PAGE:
Where a memorial is classified as High Risk, immediate action will be taken and in the first instance (where permitted to do so) the memorial will be carefully staked and banded to make safe. Alternatively if unable to stake and band the memorial will be pocketed (a method of lowering the memorial into the ground) to a 1/3 of the height or so that an inscription is visible. At the same time, a notice will be attached to inform anyone of the reason and who to contact for further information. (Appendix B).

The Laying down of a memorial will only be undertaken as a last resort with the inscription details face up.

Kerbset memorials will be laid within the grave space, with inscription details face up.

Memorials over 70”/1778mm in height will require the expertise of a relevant qualified person. The use of specialised equipment may be required which is to be operated by trained personnel only.

After this, the information is passed to the Cemeteries Office for contact to be made with the Grave Owner. All inspection details will be entered into the Council’s Cemeteries database.


Where a memorial has been identified as being unsafe and action taken to remove the immediate risk, the following actions as a minimum will be taken:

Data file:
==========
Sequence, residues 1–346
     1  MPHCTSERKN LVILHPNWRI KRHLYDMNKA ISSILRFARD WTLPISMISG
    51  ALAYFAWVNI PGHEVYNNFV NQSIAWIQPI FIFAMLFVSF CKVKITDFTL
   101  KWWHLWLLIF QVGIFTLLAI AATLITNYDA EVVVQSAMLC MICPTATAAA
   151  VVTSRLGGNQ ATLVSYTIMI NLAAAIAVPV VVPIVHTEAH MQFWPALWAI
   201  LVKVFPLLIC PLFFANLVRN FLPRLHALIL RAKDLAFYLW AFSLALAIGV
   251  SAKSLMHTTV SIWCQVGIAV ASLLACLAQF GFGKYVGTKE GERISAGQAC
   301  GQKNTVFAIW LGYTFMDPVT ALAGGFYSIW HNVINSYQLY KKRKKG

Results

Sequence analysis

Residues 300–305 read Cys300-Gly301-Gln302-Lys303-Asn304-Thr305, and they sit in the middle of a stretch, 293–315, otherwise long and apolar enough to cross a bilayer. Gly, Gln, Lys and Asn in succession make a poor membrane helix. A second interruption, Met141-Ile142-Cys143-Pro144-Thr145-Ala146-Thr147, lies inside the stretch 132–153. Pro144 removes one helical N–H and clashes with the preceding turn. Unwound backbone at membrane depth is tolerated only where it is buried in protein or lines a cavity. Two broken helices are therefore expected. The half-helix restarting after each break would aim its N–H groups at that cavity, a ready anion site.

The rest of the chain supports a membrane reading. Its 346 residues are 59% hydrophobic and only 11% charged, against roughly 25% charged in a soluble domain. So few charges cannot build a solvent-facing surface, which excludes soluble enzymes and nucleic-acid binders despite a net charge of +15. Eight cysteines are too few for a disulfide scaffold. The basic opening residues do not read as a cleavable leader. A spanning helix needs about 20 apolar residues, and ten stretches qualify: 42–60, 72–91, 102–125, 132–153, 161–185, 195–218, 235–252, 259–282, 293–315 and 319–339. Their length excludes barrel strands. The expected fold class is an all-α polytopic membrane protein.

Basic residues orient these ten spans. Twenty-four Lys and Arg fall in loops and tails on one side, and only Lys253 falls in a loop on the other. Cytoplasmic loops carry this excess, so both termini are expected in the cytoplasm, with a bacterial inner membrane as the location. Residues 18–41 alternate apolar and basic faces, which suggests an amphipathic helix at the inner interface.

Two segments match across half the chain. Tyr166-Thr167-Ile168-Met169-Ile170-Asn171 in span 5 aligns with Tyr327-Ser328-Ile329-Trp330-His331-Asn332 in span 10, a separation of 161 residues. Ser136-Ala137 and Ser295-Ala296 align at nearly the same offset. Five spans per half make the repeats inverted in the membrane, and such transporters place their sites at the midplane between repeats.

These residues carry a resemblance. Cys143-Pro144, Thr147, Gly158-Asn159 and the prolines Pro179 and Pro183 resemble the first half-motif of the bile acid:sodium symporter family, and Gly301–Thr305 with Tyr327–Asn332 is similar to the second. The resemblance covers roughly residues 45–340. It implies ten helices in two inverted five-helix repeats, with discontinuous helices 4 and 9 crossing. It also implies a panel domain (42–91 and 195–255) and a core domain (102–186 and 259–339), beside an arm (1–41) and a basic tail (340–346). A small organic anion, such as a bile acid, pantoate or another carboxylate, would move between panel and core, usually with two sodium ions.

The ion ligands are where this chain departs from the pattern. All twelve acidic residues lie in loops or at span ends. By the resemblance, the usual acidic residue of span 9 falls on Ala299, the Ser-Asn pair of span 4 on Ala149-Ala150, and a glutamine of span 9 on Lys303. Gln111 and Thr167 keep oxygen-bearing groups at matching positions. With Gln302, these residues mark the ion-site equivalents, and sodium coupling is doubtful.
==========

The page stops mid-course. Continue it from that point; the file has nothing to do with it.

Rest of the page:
• A Letter will be sent to the last known grave owner, if the information held is less than 30 years old. (the authority will not write to anyone where the information is older than this, because we have no way of knowing if the owner has since died themselves and the Council would not wish to distress relatives in this respect. Any unsafe memorials on graves over 30 years old will simply be made safe by the most economical means).
  • Owners will need to arrange the necessary remedial work with a memorial mason, for which the mason is likely to charge a fee. The Cemeteries officer can supply a list of memorial masons. All works must be carried out by a BRAMM registered mason and to BS8415 standards, and applied for through the Council’s Memorial application Process.
  • Owners of memorials that have been temporarily supported will have 6 months to contact the council and carry out repairs. Should no repairs be made, the council may Pocket the memorial as per the above practice.
  • Pocketing will allow for memorials to remain upright allowing continuation of the grave and cemetery uniformity. This measure can be reversed if at some point a relative wishes to have the memorial reinstated to its original position.
  • Where a grave owner cannot be traced or the grave is over 30 years old, and it is felt that the memorial is of historic significance or its maintenance is important to preserve the character or ambience of the Cemetery, the Council may consider carrying out the repairs subject to funds being available as opposed to simply making safe. Any repairs would need to be sanctioned by the appropriate Cabinet Member of the Council.